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  1. Travel Music: A Playlist for Travellers

    Missing ben on 9th July 2010 | 6 comments

    Manu Chao Esparanza Cover Art

    Travelling always seems to be accompanied by a rich soundtrack, a background playlist that plays through the cafes, the hostels, the bus journeys and of course the bars we pass through. Much of it consists of a terrible pastiche of traditional music (think of the souvenir shop) and often hashed reworkings of western popular music. Likewise your Ipod is subject to whatever is the flavour of the day - so for me Australia will always remind me of Fat Boy Slim (yes, it was that long ago). More interesting though, is the music that talks, no, sings of a place - travel music. Travel music is the kind of music that, if you close your eyes, drags you away from a rainy evening at home to somewhere far more adventurous. This collection of travel music is a combination of truly great world music and songs which, although produced far from the shores of their subject, somehow manage to capture its spirit. So without further ado, sit back and enjoy.

    The playlist is available on Spotify at http://open.spotify.com/user/bencol/playlist/1rCOZEZAUGmaLwBXw90MZX

    1. Before You Go: Ramblin'Man by Lemonjelly
      A song for anyone with a spirit of adventure, this should by default, be the hold music for any travel company worth its salt. The song samples an interview with a fictional ramblin'man with a wonderfully gravelly voice that talks of too many late nights with a fine scotch. At times it is simply a recital of evocative place-names (67 places to be precise - of which I've only visited 20 disappointingly) but it ends with a line that will strike to the core of any itchy footed traveller, "and you are going to keep on rambling?" "Oh yes .... I have to"

    2. At The Airport: Mad Rush by Phillip Glass
      A song for any transport terminal anywhere. Put you headphones on and float through the crowds as if you are starring in your own movie. This should actually, in all fairness to the genius of Phillip Glass, be served as a crescendo to some other Glass masters such as Knee play and the Evening song.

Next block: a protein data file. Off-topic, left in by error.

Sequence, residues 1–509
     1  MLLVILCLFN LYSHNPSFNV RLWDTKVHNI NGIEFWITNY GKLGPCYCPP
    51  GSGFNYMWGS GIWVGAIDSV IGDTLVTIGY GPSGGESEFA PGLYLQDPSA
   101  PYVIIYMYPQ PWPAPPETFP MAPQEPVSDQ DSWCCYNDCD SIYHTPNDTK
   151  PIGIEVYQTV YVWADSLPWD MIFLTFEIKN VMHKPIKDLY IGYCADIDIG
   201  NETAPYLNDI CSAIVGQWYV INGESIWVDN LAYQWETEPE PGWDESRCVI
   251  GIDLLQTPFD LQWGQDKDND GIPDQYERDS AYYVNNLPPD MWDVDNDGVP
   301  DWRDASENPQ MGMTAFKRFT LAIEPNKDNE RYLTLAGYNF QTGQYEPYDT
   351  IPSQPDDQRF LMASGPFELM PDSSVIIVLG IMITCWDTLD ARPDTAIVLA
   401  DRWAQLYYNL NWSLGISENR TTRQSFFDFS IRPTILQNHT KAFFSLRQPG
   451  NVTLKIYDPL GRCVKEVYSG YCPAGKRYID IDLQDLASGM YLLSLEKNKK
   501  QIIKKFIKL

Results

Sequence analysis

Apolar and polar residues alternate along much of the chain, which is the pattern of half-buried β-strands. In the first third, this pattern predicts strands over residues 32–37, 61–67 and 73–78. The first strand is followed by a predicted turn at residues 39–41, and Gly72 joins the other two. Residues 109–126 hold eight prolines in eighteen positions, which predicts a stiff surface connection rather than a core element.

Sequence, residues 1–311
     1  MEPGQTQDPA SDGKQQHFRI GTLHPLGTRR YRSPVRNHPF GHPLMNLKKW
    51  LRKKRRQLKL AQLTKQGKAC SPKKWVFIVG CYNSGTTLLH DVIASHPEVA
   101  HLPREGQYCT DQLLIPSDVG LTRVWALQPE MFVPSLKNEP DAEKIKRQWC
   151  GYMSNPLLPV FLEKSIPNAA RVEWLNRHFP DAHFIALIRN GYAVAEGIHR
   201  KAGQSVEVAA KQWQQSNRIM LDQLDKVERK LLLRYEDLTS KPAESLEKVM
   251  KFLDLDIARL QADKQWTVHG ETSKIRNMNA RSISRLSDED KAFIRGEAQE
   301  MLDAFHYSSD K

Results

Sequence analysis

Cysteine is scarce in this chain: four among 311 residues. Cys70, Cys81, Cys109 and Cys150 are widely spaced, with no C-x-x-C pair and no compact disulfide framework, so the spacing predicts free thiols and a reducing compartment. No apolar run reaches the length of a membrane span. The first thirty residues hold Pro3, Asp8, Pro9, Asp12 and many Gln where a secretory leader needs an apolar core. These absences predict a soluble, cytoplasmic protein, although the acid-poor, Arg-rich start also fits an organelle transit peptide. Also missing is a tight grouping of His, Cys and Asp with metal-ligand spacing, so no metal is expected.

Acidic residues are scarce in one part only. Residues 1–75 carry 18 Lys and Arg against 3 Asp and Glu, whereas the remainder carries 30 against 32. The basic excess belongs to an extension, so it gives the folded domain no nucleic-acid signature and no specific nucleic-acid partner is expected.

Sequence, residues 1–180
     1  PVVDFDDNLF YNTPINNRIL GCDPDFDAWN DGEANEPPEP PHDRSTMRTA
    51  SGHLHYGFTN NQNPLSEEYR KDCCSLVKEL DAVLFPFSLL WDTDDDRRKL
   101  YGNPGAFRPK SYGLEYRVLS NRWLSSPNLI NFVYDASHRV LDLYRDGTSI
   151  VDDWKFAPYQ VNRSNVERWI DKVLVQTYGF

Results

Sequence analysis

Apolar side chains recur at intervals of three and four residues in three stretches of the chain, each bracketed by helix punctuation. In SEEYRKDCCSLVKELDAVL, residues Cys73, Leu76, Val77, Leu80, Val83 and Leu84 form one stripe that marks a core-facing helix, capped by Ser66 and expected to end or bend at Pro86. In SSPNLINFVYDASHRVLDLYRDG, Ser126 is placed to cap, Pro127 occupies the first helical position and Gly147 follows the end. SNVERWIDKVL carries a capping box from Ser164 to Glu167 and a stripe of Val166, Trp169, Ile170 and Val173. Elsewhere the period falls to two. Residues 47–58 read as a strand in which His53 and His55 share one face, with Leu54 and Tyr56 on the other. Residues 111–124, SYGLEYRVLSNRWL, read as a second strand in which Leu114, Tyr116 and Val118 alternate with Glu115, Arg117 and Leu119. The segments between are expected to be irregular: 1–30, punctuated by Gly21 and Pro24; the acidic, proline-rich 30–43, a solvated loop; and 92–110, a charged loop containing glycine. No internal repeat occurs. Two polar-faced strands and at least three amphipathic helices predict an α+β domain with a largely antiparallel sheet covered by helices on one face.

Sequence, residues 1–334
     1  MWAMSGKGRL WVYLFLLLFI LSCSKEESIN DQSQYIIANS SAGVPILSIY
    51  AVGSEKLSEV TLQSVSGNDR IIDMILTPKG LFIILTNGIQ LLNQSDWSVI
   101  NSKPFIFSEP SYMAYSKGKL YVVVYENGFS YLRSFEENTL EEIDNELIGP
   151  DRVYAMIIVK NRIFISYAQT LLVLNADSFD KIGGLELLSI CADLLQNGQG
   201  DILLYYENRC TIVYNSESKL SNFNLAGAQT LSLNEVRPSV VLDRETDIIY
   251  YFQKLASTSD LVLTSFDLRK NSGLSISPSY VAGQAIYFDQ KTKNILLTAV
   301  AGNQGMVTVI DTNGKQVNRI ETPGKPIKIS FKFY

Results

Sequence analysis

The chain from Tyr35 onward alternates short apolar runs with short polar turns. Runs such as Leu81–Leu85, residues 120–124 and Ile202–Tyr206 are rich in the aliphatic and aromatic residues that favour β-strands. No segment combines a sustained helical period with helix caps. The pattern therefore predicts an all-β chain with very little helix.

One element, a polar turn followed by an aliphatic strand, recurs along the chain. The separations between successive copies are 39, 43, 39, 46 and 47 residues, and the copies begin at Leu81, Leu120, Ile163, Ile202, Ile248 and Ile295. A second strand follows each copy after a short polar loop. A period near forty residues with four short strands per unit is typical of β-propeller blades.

3. Moving On: On the Road Again by Willie Nelson
      This is the song that will play through your head every time you leave your last night's abode. There ain't nothing like packing up your sack, leaving a joint and never looking back. It doesn't matter whether you are hitch-hiking or climbing back into your rent-a-reck, it'll always be there with you. "on the road again...I just can't wait to be on the road again..."

    4. Hawaii: Somewhere over The Rainbow by Israel Kamakawiwo'ole
      Sun, surf, warm evening light, swaying palms and the Ukulele just about sums up Hawaii and this re-imagining of the classic Wizard of Oz ditty captures the spirit perfectly. The best and original ukulele version is by the legendary Israel Kamakawiwo'ole, one of the most influential musical artists in recent Hawaian history. Unfortunately this version isn't available on Spotify so you'll have to do with this passable imitation.

    5. US Road Trip: Silver Dagger by The Fleet Foxes
      Sun, surf, warm evening light, wait a minute we did that. This time it is blissful sunshine filled rural USA that is evoked by one of the classic US folk ballads (dating back to the 19C) reworked by the heavenly voice of Robin Pecknold of the Seattle based Fleet Foxes. Perfect listening to accompany The Grapes of Wrath by John Stenbeck on your great American road trip.

    6. Koh Samui or any other Thai Island: Pure Shores by All Saints My Weakness by Moby
      I'm sorry. There, the apology is out of the way, if you ignore the rest of their back catalogue what you have is a song that (thanks to Alex Garland) evokes the feeling of leaving the heat and chaos of Ko Sahn road behind for the bliss of a hidden beach on Kho Pha Ngan. If Pure Shores lays the ground then My Weakness by Moby is the track you'll be listening to as you sit back on the tiny verandah of your ramshackle beachside hut, sun slowly slipping below the horizon...

    7. Australian Backpacking Jaunt: Down Under by Men at Work
      Obvious maybe, but if you've backpacked the East Coast booze cruise (sorry travel route) then you are pretty much guaranteed to have yelled this at the top of your lungs whilst drunkenly caressing a bottle of VB. This song is an integral part of Australian culture, played loudly during the Sydney Olympics closing ceremony and also by John Bertrand's Australia 11 in their legendary defeat of the US establishment in the 1983 Americas Cup.

    8. Southern Africa: Diamonds on the Sole of her Shoes by Paul Simon & Inkanyezi Nezazi by Ladysmith Black Mambazo